Euro 2022: Why England are team to fear at tournament

Millie Bright and Ellen White
England have not lost a game under Sarina Wiegman since she took over in September

As England calmly walked around the pitch at full-time at St Mary’s Stadium, applauding fans after beating Northern Ireland 5-0, there was a definite sense of anticipation about what comes next.

England had completed part one – qualify as group winners and progress to the quarter-finals without any drama.

Their low-key celebrations were typical of a side who intend to be in the competition for another two weeks and their flawless record in the group stage was just as planned.

But it would be an injustice to underplay the efficiency with which England reached the quarter-finals.

They scored 14 goals in their three games – the most by a team in the group stages of a women’s Euros, overtaking Germany’s 11 in 2001.

England also became the first team to score five or more goals in consecutive matches in the tournament, having done so without conceding any.

Their final group-stage victory came four days after beating their own tournament record by thrashing Norway 8-0 in Brighton – a result that sent a strong message to their rivals.

That performance came against a Norway team containing inaugural Ballon d’Or winner Ada Hegerberg, Champions League winner Caroline Graham Hansen and three-time Women’s Super League champion Guro Reiten.

“It would be a massive failure if England didn’t win this tournament. Everyone else may as well just go home,” Northern Ireland boss Kenny Shiels said on Friday.

England winger Lauren Hemp told BBC Sport it was “important to make a statement so teams fear us” after they booked their place in the quarter-finals so have they achieved that in the group stages?

“Yeah, I hope so. It’s a one-off game in the quarter-finals though so regardless of form going into it, it’s who turns up on the day,” said England defender Lucy Bronze.

“We’ve had a great few games but we narrowly edged past Austria so we know we need to keep improving, show up and do our best, no matter who we face.

“The opponents can turn up and have an amazing game as well so we need to put to bed our form. We can celebrate, we set some records, scored a lot of goals but that’s about it. The quarter-finals are the quarter-finals.”

It will be Denmark or Spain next for England in the quarter-finals after they avoided Group C winners Germany, who have also impressed in the tournament.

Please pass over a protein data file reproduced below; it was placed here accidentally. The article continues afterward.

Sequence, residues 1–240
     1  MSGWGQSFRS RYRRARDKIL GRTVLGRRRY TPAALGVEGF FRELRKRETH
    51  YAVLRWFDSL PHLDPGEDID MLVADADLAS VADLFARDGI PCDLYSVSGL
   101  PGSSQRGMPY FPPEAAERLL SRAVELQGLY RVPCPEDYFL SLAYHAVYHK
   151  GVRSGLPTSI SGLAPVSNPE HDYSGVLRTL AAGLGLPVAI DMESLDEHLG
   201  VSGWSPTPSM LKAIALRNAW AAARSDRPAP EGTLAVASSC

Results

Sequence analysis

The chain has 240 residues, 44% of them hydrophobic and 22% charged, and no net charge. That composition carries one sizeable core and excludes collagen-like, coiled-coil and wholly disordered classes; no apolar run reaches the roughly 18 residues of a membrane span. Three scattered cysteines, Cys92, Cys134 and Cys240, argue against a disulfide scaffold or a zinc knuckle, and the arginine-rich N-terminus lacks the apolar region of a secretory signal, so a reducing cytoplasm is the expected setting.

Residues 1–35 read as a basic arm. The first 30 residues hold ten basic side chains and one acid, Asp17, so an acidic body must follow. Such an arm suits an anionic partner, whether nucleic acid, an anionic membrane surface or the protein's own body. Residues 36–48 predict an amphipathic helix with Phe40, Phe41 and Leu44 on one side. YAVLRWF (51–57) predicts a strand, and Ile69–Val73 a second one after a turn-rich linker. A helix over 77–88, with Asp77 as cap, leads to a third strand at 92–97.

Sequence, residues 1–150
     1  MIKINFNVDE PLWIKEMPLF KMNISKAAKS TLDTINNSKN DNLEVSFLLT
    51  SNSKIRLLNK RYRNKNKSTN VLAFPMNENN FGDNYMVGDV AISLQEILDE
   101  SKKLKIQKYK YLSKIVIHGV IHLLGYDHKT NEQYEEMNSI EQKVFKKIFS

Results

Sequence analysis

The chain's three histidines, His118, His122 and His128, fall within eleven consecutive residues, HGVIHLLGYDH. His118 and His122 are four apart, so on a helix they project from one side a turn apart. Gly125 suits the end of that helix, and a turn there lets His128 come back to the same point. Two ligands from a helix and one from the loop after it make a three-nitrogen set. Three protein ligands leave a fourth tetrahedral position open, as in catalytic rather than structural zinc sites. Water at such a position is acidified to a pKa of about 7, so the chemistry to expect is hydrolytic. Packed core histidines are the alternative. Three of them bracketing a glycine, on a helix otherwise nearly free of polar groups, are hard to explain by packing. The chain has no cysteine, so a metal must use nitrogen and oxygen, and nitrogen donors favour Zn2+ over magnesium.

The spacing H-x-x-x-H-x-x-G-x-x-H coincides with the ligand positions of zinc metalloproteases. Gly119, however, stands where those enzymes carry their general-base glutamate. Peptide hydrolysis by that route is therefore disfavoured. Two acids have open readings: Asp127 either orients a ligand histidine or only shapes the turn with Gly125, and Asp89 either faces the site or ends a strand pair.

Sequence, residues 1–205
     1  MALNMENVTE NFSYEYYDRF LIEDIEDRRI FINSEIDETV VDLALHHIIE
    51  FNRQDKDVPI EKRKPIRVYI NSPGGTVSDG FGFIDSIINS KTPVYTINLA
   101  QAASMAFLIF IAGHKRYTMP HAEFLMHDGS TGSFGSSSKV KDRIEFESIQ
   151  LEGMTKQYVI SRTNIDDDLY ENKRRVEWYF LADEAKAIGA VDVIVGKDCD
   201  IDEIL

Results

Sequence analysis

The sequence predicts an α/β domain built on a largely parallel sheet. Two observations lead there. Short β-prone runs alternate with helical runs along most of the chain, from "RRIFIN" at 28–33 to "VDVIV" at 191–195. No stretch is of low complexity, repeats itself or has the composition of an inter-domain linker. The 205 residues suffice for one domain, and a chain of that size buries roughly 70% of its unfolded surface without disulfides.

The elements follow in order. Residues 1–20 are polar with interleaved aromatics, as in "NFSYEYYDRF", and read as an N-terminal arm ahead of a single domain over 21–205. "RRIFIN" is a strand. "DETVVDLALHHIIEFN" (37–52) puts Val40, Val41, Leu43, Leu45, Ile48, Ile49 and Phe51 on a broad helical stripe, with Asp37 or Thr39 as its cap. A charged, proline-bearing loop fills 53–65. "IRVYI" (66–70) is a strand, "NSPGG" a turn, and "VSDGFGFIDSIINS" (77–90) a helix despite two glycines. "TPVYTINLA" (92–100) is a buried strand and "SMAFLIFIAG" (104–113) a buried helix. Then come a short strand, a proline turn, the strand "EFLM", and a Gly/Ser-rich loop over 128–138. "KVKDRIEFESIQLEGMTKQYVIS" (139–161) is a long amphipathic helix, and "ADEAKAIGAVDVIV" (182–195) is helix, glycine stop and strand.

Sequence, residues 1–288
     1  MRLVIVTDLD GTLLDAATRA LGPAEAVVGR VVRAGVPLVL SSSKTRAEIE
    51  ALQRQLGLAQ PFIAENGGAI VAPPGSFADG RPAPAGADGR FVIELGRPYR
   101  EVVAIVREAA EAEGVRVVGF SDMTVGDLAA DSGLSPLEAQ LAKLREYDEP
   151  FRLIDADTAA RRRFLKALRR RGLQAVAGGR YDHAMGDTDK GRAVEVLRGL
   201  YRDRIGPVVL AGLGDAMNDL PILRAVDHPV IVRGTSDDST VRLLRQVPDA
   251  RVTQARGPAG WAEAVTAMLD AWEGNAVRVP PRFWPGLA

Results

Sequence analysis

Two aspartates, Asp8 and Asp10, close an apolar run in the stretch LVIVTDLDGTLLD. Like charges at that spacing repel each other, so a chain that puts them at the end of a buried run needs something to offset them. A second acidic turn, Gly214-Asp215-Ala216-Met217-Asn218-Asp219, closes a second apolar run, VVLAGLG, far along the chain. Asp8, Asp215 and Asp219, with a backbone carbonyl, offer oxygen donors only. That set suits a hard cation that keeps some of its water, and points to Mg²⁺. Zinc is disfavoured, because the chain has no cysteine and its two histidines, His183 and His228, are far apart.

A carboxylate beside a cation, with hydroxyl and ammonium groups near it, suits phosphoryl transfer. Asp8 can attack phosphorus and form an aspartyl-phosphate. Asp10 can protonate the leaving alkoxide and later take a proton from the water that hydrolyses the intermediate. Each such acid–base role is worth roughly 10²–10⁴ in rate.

But despite their strong form, even Germany boss Martina Voss-Tecklenburg admitted she was pleased to have set up an “easier” tie against Austria by avoiding England.

It is no surprise then, that defender Alex Greenwood said “confidence is high” for England, who remain unbeaten under Wiegman, but she insisted they cannot afford to drop their level.

“Whoever we come up against I have no doubts we will be prepared. If you look at our results then teams will probably look at us, but we don’t look too far ahead,” she said.

Asked whether the group stage could have been more perfect, she added: “I don’t think so. Three wins from three and no goals conceded is pretty good, right?”

One of England’s biggest strengths going into the quarter-finals is the depth of quality in the squad.

Manchester United forward Alessia Russo came off the bench to score against Norway, and went one step further by scoring twice as a substitute against Northern Ireland.

Her form will provide Wiegman with a selection headache in the last eight, while other youngsters Chloe Kelly and Ella Toone continue to make their mark in cameo displays.

Alessia Russo
Alessia Russo came off the bench to score twice against Northern Ireland and has three goals in three games

“They have been incredible. I’m so proud of them all,” said England striker Ellen White.

“It shows the depth we have in this squad. I was definitely smiling watching those goals go in, those performances and watching this team play. It is really exciting.

“We have depth and that great togetherness. We’re like a family and everyone is proud of everyone in this team.”

England also have a manager in Wiegman who knows how to win the Euros, having done so with the Netherlands in 2017, and she has operated with similar efficiency.

Opting to maintain “rhythm” and momentum as opposed to rotating the starting side in the final group game was something she used with great effect while in charge of the Netherlands in 2017.

She has been able to deflect any pressure of being the host nation, laughing off the “favourites” tag before England’s win over Norway.

Wiegman has also called for her side to “entertain” and use the home support to their advantage, and there is a growing sense of togetherness.

“We have to soak it in. That crowd again [at St Mary’s Stadium] was incredible. The noise was brilliant and over 30,000 people turned out,” said White.

“It is such a dream for us to play in front of that crowd. We want to make everyone proud and hopefully they are. We can’t wait for the quarter-finals now.”

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